You notice I’ve hardly mentioned the PhD once in all this: it has been a big part of my week, though. I’ve been reading a lot from the reading list I got from my last supervisory team meeting. I’ve been reading in all the spare half hours between doing other stuff; reading in bed; reading during tea breaks while preparing for Mike’s visit. I love my Kindle: it’s so convenient for taking your reading with you. I’m someone who does prefer the feel and smell of a real book, actually; but with a Kindle you can carry a whole library of books in your handbag or pocket, move from one book to another, highlight passages and make annotations, follow up references, check the meaning of unfamiliar words. It’s a godsend to any student.

On Saturday I prepared my RDAR, the official university form for the annual review report. I think it’s an acronym for Research Degree Annual Review. I spent the morning working on it, checking facts, thinking about progress since the last review, trying to be honest. One focus of the RDAR was on ‘skills development’: how my skills as a researcher and an academic have been developed during the year, for instance through presentation at conferences. The quick answer is, presentation skills are not something I feel the need to develop. I presented to conferences several times as a teacher and a head-teacher; I don’t want to do it in my retirement. I am doing this PhD, the top rung in a long ladder of education, as a personal challenge, not to gain skills for future academic employment, which I don’t want or need. My skills development has all been in the creative aspect: producing, editing, publishing poetry and presenting it to various audiences; and in developing my knowledge of poetry—and academic writing—through my on-going reading. That’s the best bit for me, the aspect I most want to develop. I sent the report off yesterday afternoon: my review is on June 18th. I’m looking forward to it.

I’ve also managed to watch some tennis from Roland Garros, especially Rafa Nadal who is one of my sporting heroes. I’ll be watching the final this afternoon, whatever else I do today. I watched the England football match on Thursday too. There’s lots of football coming up with the world cup starting this week. I’ll have to ration myself to England and Brazil matches, I think, or it could take over my life and I can’t afford the time for it to do that. I must watch the Brazil matches because I have drawn Brazil in the sweepstake at the Black Ladd. Bill has drawn France, so not too shabby a couple of teams to watch out for.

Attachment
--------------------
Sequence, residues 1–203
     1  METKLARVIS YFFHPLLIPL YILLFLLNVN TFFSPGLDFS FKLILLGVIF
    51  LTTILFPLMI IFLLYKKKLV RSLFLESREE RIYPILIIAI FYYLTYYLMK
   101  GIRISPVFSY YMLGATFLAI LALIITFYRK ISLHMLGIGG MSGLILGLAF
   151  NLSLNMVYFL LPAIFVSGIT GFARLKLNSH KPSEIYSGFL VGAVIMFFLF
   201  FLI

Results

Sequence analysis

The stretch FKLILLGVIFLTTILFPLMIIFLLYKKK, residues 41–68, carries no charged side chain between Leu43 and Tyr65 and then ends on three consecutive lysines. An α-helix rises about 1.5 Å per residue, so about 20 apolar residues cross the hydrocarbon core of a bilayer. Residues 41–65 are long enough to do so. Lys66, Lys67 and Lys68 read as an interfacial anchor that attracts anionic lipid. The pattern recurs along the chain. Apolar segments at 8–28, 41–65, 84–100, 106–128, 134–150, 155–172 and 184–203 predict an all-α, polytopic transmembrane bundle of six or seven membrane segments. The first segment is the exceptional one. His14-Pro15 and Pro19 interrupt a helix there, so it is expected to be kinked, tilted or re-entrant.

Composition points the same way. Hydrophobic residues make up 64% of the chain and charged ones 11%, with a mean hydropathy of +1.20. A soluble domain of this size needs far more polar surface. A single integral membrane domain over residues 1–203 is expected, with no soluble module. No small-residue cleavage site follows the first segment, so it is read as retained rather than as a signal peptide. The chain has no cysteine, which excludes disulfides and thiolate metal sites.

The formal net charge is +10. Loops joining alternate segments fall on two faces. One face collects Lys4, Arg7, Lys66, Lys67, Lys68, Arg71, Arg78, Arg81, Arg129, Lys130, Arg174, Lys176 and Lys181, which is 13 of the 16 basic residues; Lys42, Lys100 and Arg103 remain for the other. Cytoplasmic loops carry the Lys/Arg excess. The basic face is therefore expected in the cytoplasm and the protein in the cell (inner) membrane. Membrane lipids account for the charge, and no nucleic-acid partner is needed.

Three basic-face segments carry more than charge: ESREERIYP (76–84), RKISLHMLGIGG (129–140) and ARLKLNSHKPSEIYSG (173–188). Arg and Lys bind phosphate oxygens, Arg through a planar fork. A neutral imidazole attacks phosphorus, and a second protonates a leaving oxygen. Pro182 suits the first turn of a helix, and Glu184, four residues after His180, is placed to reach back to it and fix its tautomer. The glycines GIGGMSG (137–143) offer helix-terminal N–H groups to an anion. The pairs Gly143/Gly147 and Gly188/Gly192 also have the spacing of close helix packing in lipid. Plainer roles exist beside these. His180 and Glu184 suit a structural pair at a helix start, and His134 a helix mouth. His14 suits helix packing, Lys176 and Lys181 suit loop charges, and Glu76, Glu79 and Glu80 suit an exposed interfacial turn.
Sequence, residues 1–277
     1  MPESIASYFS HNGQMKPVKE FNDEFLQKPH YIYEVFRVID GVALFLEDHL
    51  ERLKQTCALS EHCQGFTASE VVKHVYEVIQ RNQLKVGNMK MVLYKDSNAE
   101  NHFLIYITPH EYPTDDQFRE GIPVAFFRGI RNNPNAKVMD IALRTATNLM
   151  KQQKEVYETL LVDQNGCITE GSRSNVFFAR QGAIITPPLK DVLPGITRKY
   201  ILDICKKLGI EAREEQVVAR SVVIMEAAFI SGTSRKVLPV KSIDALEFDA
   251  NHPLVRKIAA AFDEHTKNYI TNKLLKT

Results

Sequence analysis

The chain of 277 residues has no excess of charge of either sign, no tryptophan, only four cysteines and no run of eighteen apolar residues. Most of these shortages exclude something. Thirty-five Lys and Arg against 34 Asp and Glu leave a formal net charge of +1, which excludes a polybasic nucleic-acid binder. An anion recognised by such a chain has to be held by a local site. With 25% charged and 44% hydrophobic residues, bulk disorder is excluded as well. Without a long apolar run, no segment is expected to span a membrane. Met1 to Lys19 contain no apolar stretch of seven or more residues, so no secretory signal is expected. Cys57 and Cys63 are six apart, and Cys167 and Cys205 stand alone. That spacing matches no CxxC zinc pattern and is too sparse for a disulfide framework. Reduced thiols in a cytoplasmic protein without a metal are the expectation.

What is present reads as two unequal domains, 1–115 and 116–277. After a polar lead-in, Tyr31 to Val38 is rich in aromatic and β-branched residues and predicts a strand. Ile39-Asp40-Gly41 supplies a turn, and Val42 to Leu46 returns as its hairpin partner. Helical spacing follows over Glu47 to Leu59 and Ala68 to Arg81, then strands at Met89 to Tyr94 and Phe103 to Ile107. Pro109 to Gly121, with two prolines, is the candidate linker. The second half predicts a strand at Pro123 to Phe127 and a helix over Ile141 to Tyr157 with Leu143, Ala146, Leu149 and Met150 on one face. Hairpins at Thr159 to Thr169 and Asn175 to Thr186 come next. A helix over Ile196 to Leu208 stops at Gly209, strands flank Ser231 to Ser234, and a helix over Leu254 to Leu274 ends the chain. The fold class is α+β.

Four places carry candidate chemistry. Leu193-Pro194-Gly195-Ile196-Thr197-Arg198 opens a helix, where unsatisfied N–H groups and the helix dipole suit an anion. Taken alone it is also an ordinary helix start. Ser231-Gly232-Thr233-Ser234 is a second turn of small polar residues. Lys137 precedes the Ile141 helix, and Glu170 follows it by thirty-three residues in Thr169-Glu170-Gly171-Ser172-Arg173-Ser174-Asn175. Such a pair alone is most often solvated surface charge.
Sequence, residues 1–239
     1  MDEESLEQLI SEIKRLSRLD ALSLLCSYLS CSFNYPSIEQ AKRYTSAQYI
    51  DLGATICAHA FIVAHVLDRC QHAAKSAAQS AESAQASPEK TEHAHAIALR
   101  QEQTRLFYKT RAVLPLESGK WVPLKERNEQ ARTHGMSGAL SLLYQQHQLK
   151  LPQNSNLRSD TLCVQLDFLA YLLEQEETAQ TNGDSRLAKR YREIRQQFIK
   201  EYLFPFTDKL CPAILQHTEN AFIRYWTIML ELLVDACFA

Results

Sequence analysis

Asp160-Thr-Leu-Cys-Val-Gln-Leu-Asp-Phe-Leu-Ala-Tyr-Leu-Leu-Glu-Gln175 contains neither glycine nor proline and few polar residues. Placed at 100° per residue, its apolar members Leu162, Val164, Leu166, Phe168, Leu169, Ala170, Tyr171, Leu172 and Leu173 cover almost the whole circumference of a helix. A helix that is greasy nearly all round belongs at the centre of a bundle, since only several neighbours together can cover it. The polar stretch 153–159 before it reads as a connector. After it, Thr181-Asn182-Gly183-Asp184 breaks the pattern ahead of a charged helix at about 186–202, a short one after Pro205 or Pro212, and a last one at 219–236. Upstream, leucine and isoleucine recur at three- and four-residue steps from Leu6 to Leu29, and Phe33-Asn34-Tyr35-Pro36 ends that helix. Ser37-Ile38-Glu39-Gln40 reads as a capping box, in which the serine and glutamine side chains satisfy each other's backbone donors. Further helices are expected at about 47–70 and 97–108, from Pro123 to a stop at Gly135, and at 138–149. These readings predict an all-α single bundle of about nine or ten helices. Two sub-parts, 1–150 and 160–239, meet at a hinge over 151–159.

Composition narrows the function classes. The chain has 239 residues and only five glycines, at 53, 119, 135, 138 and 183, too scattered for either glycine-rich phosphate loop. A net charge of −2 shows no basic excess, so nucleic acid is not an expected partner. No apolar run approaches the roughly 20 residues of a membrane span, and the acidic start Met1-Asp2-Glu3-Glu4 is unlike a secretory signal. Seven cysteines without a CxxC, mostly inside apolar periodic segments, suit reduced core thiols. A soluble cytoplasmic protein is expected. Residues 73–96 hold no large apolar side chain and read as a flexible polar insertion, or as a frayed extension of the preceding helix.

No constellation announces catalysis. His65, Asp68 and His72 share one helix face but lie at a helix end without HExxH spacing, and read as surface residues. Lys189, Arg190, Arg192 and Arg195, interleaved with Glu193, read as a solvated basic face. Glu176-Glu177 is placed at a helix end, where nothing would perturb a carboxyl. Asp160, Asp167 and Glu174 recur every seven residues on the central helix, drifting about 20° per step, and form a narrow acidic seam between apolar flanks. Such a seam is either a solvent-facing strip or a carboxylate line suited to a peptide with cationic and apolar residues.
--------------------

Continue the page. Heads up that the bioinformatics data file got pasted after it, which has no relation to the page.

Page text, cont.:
Lastly, running: I’ve kept up the Couch to 5K challenge, completing week 4 on Friday. I go out early, about 7.00 a.m. for my run; it’s a lovely time of day in the early summer. This week I have had a yellow wagtail, a shrew and a robin as running buddies. I’m beginning to look forward to my running: who would have thought it possible? By next Friday I will be running twenty minutes in one go. I can’t say I’m not a little bit worried about that but hey, bring it on.

Here’s my ‘Earwigging’ poem. It is very different from anything I’ve ever written before, experimental, a bit whacky. But I enjoyed it. Of course, it won’t find space in my portfolio on several criteria: it’s not a mother-daughter poem and it’s not very good for two. I suppose I could give it more of a narrative, make a ‘story’ from it; but then it wouldn’t be what it is, a ‘found’ poem from snippets of chat I earwigged in York. Treat it as a bit of fun; I did.



This train will be calling at—
where’s Daisy gone

what’s the difference between—
one’s keen and the other’s not
where’s Daisy gone and where did Sir go
and if you don’t pull… oh where did Sir go

get those hands washed before you—
ant ‘ad chips of a while.
he’s more likely to wear my
yer sleepin’ dad?

but—where’s Daisy gone

tell me of something they do in Bali
you’re not gangs you’re not gangs
representatives—in a row
come back for me
and do it quickly

but where did Sir go
and where’s Daisy gone
oh, where did Sir go
drinking espresso in Carluccio

so what’s more important
do it now, do it quickly tell people
eight weeks till I got paid
too much too much
tell ‘em what to do

but where’s Daisy gone

Guten dag, vilcom im der—
ulia machia how are you
a quick question or two—
what’s woh thi eh eh
and where’s Daisy?



Rachel Davies
June 2018